India, Orkut, and the 'balance of information'

By: spambot on 16 October 2006
Posted in India, Asia

On October 10, 2006, Indian media reported that a two-judge panel of the Bombay High Court has directed the state government of Maharashtra to issue notice to Google for “alleged spread of hatred about India by its social network service 'Orkut'.”

The Public Interest Litigation petition filed by a 24-year old local advocate argued that this community bore an “anti-India” message, and asked for the appointment of a ‘controller’ to regulate all such online communities under the Information Technology Act of 2000 (IT Act). Special Public Interest Litigation procedures in India allow any individual to file a petition the state high courts and the Supreme Court to enforce fundamental rights.

This so-called hate speech consisted of an 82-member community on Orkut called “We Hate India,” displaying a photo of protesters burning an Indian flag. On We Hate India, discussion orbits around criticism of India in its longstanding conflict with Pakistan over Kashmir.

Hate is a fast and loose term in Orkut communities, with over 1000 groups dedicated to hating celebrities, politicians, math, and sports teams alongside nationalities and rival countries. A search query on Orkut communities using the terms “hate India” yielded 81 groups, with some of the largest having been newly formed in July 2006, and well over twice as many groups who “hate Pakistan.” Anecdotal evidence suggests there may be an equivalent number of groups hating those who hate either India or Pakistan. Bloggers are calling any possible move to block the group as a violation of what should be protected expression.

It would be relatively easy for the Indian government to block access to this Orkut community, as it did to a Yahoo! Group in 2003 and more recently to Google’s Blogspot and other blogging platforms in the wake of the Bombay commuter rail bombings. In July 2003, the Indian Computer Emergency Response Team (CERT-In) under the Department of Information Technology was empowered by the IT Act to instruct the Department of Telecommunications to block sites it investigates. CERT-In went to work quickly, and within a month issued an order for Indian ISPs to ban the Yahoo! Group kynhun, which discussed the secession of the Indian state Meghalaya and resulted in the collateral blocking of thousands of Yahoo! groups.

Although the IT Act has no explicit provisions for the blocking of sites, it makes publishing obscene content online a punishable offence (Art. 67) and authorizes the compelled decryption of information in the interests of state sovereignty and security, foreign relations, public order, and preventing incitement to an offence (Art. 69). All of these categories are also subject to reasonable restrictions under Article 19 of the Indian Constitution, which guarantees freedom of speech and expression. In 2003, the same government notice that created CERT-In also authorized the blocking of websites promoting hatred, defamation, gambling, racism, violence, terrorism, pornography or violent sex, because banning such websites preserved a ‘balanced flow of information’ and did not constitute censorship.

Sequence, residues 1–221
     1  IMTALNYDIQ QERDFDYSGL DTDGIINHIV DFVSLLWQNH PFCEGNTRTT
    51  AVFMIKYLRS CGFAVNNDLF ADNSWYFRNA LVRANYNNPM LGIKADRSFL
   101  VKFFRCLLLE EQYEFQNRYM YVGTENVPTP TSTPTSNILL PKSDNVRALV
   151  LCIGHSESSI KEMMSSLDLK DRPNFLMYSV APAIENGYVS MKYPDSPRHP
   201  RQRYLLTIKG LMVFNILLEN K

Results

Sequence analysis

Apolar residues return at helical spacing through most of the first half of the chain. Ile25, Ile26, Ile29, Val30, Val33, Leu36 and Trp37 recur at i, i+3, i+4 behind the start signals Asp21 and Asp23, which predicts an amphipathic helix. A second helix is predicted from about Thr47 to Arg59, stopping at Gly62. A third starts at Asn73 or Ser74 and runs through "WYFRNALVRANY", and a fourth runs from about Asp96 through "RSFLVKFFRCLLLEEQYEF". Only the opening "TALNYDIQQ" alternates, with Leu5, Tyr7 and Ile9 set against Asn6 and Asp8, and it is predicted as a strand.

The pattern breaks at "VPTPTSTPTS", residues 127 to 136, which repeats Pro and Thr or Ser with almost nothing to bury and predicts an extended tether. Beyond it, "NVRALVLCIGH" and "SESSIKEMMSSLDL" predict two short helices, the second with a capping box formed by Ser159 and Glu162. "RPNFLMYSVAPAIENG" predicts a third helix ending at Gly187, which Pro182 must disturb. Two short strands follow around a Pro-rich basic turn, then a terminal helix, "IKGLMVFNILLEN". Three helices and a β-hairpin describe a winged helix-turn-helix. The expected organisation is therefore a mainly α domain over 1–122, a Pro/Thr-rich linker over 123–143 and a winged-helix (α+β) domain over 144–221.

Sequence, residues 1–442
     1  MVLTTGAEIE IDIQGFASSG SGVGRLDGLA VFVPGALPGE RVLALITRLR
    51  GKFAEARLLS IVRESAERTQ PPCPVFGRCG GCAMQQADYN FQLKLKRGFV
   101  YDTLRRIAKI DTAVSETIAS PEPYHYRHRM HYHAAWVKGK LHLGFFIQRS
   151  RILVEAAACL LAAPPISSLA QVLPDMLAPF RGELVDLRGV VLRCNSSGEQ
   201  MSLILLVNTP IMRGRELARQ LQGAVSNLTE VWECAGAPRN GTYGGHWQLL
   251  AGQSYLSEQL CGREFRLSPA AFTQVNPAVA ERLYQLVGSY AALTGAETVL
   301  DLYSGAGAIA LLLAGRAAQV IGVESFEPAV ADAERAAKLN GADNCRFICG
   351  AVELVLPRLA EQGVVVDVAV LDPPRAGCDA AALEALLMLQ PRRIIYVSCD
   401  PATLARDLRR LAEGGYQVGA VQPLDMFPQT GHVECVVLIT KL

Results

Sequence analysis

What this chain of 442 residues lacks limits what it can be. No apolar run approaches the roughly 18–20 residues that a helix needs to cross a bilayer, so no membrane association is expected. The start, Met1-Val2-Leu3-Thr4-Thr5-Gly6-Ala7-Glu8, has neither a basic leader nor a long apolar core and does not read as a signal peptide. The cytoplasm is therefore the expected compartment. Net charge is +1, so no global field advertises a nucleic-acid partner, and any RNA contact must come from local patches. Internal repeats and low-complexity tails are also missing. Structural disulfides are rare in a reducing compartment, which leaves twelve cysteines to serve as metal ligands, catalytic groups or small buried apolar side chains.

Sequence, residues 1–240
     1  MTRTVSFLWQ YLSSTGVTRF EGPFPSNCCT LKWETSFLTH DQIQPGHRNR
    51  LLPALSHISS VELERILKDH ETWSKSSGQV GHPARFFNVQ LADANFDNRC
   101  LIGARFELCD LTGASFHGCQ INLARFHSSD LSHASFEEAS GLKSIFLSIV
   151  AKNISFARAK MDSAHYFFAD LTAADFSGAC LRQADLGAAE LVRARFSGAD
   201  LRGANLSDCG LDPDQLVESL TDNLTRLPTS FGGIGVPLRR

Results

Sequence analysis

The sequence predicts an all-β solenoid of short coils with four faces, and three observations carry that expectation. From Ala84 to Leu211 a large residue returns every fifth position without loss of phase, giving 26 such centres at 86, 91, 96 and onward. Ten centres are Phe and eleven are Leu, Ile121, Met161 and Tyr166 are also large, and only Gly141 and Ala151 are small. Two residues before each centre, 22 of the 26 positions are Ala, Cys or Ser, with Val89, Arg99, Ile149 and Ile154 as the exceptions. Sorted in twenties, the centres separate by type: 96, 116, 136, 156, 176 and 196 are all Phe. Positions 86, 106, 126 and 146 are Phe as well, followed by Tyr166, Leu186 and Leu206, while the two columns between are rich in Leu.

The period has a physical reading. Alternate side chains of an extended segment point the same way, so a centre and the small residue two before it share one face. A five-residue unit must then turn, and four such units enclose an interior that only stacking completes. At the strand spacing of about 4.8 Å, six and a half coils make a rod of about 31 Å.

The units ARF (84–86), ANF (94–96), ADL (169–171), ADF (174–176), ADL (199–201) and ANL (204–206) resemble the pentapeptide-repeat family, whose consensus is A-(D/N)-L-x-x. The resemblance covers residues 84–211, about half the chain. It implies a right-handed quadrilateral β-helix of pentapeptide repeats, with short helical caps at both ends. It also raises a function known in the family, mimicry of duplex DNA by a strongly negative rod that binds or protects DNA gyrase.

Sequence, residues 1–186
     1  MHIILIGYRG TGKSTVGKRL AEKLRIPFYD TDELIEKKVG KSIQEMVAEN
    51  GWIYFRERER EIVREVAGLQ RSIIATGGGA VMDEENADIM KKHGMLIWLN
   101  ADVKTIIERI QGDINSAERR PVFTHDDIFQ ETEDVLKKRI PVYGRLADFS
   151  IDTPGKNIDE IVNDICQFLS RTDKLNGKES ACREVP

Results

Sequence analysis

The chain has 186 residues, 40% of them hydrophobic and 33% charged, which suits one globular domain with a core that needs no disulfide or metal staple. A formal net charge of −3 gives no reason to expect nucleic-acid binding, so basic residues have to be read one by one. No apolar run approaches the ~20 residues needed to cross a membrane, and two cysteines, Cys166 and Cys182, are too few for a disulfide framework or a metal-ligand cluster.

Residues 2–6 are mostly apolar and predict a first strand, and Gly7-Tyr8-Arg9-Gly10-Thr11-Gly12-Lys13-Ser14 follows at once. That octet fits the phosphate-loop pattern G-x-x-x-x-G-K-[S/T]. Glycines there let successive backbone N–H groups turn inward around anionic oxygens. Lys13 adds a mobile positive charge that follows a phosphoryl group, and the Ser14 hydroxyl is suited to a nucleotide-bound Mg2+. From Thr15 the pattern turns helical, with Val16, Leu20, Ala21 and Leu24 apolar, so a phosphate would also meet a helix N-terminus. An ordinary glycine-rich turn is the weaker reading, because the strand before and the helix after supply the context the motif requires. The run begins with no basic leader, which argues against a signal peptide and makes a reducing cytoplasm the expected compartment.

However, it is unclear whether Indian law can even be applied to compel Google to regulate the We Hate India community. Google states that its Orkut community is governed by its Terms of Service (TOS), which it claims strictly prohibit ‘hate speech’ and violence. The actual TOS include no mention of these categories of speech or content. Rather, Google has sole discretion to take down material it finds objectionable, including defamatory, libelous, threatening, unlawful, and obscene content.

A Google spokesperson wrote CNet that while this petition was being taken very seriously, the company wanted “to be careful not to affect users around the world by making changes to a global product based on the law in one country.” Google also asserted that Orkut is operated from the US and complies with US law.

The TOS apply to individual users only—on this social networking platform businesses, organizations or other legal entities are denied access. While international users must agree to comply with local rules of their country of residence regarding acceptable content, the owner (registration required) of the We Hate India group is self-identified as located in Russia.

The Unlawful Activities (Prevention) Amendment Ordinance, enacted after the repeal of the Prevention of Terrorism Act in 2004, makes unlawful separatist activity and other acts that threaten state sovereignty or cause “disaffection” against India. However, this ordinance only applies to Indian nationals.

DNA reports that Google would need to be hooked in as a third-party network service provider in order to be made liable here, and then the act of ‘hate speech’ itself, would potentially be punishable under Article 75 of the IT Act, which attaches liability to enumerated offenses committed outside India by any person irrespective of nationality as long as the act is committed on a computer, computer system or computer network located in India.

A hearing in the case is scheduled to take place in six weeks.